What is your artistic personality type?
Looking at myself from the outside, I see myself as a conceptual artist. I play with colors, shapes and abstraction. I really like creating stories. Each time it is always nice to change and experiment both with thoughts and with materials and means. At first I started with abstract painting, but my message was not clearly understood because, especially in the Middle East, people use technology a lot. They weren't prepared to understand the hidden meanings in an abstract picture. Then I also introduced installations, videos and photography, a technique that was part of my studies in the United States. Thanks to these means, people have begun to familiarize and understand my art. Creating, narrating and conveying stories gives me different emotions that I always find extremely fascinating.
What relationship do you have with the concept of time?
Time is an unfocused, intangible element. It is very difficult to grasp it or ''freeze it''. Time is linked to the spiritual sphere. It opens up our dimensions, without borders or restrictions. When I think about time, I feel like a robot that has lost the sense of what surrounds us. The concept of time is also linked to memory. As humans, we explore life and continually add layers of memory to our experience. A memory that can be lost if we don't narrate it.
Have Omani tradition and history influenced your art?
My art reflects the history of my country. I focused a lot on the profound identity of Oman, starting from traditions and rituals, up to popular stories and superstitions. I am also very fascinated by the cultural changes that have gone through the country after the 1970s, the period in which Oil was discovered. From that moment there was a rapid change not only in Oman, but throughout the area affected by this discovery, which changed the fate not only of the economy, but also of people's lives. The transformations affected all economic sectors, urban planning, architecture, the school system, healthcare, etc. and also changed the way people think and act. The cities slowly began to populate to the detriment of the inland areas of the country. The old houses and villages were abandoned as everyone moved to the city, where modern comforts and services grew more and more. Many got their driving licenses and started working in offices. The new sultan - Mr. Hassan refers to Sultan Qābūs bin Saʿīd Āl Saʿīd, who passed away on 10 January 2020 after 50 years of far-sighted and peaceful sultanate - promoted dialogue with modernity, always maintaining respect for traditions. For the construction of this new Oman, he called back all the Omanis who were around the world, asking them to return to build together a better country. Before, in fact, there were only two schools, very few factories and very limited resources. In that period of great change and openness, I created many photographic works that still serve to testify to the beauty and importance of that moment of cultural, economic and social dynamism. An example is the series dedicated to weddings. They were traditional moments of daily life that showed the ruins of old Oman in the background, but foreshadowed the rebirth and the beginning of a better life. Those abandoned houses, however, also contained the memories of the people who had abandoned them. The ''Lost Memories'' series is dedicated to this specific theme, inspired by my personal story. My family is part of those families that have left the old city for the capital. One day I decided to return to the house where I had spent my childhood. It had been closed and abandoned for 13 years. When I returned, I found some personal effects of my grandfather, including some bags, photographs and letters ... these forgotten objects impressed me a lot. So, I decided to immortalize my childhood home, traditional clothes and the old road in the mountains to create a link between the change my family went through and the whole country. A change that had literally caused people to run away towards modernity, abandoning everything they had behind them.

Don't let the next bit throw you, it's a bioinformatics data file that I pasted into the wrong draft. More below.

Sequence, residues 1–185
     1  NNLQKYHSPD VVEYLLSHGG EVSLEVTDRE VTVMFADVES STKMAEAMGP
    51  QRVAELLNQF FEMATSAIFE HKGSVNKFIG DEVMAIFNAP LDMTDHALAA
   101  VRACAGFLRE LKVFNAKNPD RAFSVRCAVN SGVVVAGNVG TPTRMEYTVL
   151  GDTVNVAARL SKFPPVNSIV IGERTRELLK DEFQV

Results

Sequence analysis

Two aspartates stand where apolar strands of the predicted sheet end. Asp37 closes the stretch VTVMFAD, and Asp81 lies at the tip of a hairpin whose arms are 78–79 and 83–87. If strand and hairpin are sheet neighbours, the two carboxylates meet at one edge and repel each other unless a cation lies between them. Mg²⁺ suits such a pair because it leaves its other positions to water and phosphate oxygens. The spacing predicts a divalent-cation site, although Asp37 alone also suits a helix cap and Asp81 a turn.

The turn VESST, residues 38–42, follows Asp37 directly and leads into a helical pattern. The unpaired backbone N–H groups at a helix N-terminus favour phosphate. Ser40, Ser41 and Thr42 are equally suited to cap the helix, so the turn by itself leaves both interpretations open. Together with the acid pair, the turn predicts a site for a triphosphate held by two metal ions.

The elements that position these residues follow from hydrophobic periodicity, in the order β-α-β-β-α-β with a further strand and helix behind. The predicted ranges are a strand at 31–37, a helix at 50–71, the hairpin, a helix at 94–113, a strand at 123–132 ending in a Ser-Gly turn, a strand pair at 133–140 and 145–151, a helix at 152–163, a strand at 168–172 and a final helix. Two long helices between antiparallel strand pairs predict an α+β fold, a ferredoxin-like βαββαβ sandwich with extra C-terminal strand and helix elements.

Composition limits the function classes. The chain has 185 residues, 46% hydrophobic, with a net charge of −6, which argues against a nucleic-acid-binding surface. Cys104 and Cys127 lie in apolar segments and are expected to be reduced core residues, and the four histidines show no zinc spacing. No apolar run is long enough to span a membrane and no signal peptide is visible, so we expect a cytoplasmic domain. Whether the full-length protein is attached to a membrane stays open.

Do you believe that the frenetic rhythms that are imposed on us risk undermining the natural need of the individual to have a time for what has no utilitarian purposes? What is changing?
Human beings are very weak. They always need reassurance or comfort. Spirituality allows people to establish a connection with higher entities and with the essence of being. I always dedicate some of my time to meditation because it helps me relieve stress and feel safer. When people are in crisis, they always look deep within their selves and try to find a balance. Spirituality serves to recreate a state of inner balance. The materialistic world is expanding. Every day it turns out that people behave like a machine without a soul. They no longer look into themselves. They focus only on their surroundings.
What role do art and culture play in Oman?